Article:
Where is the "head shop"?

James A. Landau JJJRLandau at AOL.COM
Sun Jun 17 20:33:56 UTC 2001

When I was at Michigan State University (1965-69) there was a shop half a
block off campus that I am pretty sure was referred to as a "head shop".  I
never went inside so I don't know what it sold (I saw it only because it was
near a bookstore and the town's best Chinese restaurant).  Judging by the
window displays, it specialized in psychedelic objets d'art.

It's difficult to imagine a head shop actually selling drugs or illegal drug
paraphenalia---it's too obvious to the local police, and even if "the fix
were in" if the head shop sold drugs on its premises the police would raid it
before the local newspapers heard about it and put the police up to ridicule.

OED2 under "head n 1 sence 7e defines "head" as "A drug-addict or drug-taker,
freq. with defining word prefixed, as HOPHEAD, pot-head..." and has "hophead"
from 1911, "pot-head" from 1959, "acid-head" from 1966, and "head" without a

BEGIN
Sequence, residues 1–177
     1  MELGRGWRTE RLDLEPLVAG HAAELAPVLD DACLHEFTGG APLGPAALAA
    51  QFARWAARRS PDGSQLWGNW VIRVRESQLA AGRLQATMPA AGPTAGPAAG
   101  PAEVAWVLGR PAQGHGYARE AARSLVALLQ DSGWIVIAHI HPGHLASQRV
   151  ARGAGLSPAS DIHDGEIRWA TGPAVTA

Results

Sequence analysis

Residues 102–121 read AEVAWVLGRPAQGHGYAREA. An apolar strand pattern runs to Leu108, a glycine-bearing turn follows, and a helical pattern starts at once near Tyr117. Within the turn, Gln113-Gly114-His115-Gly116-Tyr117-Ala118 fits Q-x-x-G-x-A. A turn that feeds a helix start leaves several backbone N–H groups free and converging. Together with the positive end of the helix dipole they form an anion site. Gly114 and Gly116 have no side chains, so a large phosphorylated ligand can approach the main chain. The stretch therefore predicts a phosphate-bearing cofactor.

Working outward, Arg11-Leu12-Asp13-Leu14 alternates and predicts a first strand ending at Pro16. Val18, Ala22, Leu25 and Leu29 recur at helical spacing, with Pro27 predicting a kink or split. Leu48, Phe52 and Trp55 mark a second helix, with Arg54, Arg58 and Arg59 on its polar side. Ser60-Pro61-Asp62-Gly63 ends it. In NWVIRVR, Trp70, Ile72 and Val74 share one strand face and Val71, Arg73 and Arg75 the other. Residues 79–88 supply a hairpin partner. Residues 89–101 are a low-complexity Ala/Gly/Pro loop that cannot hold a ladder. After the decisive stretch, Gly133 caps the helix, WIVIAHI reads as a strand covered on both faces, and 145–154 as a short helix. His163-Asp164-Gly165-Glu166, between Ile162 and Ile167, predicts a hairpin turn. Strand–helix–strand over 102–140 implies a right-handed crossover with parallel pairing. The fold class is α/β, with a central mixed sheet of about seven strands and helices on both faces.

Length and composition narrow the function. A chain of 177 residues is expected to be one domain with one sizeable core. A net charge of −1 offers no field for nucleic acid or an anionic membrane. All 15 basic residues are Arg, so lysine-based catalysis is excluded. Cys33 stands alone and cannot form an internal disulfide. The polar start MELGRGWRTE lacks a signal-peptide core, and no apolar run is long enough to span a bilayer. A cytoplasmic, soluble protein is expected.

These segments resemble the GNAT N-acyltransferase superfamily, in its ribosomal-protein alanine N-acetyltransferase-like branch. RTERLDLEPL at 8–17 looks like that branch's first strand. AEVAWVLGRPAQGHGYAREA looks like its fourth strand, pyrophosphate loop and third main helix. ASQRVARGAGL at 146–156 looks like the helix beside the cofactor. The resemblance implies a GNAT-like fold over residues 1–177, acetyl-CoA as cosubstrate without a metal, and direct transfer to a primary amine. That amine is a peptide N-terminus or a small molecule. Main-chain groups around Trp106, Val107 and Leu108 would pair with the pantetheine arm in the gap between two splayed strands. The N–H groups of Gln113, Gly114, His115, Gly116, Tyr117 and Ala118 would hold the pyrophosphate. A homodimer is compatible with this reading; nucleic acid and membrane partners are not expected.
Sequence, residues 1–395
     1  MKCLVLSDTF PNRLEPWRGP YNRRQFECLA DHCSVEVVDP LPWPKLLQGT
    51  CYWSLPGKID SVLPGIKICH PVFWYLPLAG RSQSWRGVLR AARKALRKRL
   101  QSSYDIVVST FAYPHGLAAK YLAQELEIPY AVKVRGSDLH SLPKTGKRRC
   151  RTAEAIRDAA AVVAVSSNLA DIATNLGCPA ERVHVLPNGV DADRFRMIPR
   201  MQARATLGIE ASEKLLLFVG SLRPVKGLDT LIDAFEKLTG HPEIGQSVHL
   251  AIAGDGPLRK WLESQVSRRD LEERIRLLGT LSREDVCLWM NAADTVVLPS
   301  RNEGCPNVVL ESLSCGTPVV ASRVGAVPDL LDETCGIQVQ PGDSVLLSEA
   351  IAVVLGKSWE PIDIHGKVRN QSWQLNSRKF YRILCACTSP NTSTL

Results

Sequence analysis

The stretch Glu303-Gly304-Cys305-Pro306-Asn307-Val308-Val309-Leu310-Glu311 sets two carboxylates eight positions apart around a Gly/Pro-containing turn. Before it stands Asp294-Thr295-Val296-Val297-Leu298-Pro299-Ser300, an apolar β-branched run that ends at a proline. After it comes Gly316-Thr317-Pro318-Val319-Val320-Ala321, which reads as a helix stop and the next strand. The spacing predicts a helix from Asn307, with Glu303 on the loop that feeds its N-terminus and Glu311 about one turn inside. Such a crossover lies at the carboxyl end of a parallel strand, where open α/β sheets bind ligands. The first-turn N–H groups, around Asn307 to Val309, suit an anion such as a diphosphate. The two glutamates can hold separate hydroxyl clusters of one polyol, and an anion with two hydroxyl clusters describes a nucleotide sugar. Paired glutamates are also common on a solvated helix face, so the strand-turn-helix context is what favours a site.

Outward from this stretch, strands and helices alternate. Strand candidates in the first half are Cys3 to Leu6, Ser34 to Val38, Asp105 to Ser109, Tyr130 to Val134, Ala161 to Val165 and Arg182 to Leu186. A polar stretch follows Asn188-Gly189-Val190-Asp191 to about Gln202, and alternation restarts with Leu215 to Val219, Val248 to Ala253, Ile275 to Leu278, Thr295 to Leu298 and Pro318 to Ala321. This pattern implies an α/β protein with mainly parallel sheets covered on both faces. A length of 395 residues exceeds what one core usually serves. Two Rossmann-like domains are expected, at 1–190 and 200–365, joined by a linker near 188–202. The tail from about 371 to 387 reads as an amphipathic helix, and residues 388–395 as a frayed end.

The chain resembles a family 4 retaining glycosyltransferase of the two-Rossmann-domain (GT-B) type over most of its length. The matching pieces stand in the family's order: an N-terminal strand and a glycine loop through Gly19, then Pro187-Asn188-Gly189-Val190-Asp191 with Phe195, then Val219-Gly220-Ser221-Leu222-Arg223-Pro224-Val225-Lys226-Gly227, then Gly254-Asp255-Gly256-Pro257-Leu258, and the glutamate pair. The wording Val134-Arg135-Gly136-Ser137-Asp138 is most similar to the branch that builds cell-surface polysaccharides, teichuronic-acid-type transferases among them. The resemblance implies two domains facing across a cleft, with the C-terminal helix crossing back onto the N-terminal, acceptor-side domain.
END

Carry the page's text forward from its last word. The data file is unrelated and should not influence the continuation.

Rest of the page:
prefix from 1955.

"deadhead" is in the OED2, in an obsolete sense from 1576 and with the
present meaning "a person admitted without payment to a theatrical
performance, a public conveyance, etc." from 1841.  This sounds like
somethinng an imaginative and frustrated ticket agent or business manager
dreamed up as an insult.

Presumably the term "Dead-head" for a Grateful Dead fan was coined on the
analogy of the existing term for a non-paying attendee or passenger.  I look
forward to the day when the Grateful Dead go out of business because all the
Dead-heads have found out how to attend their concerts as deadheads.

                  - Jim Landau

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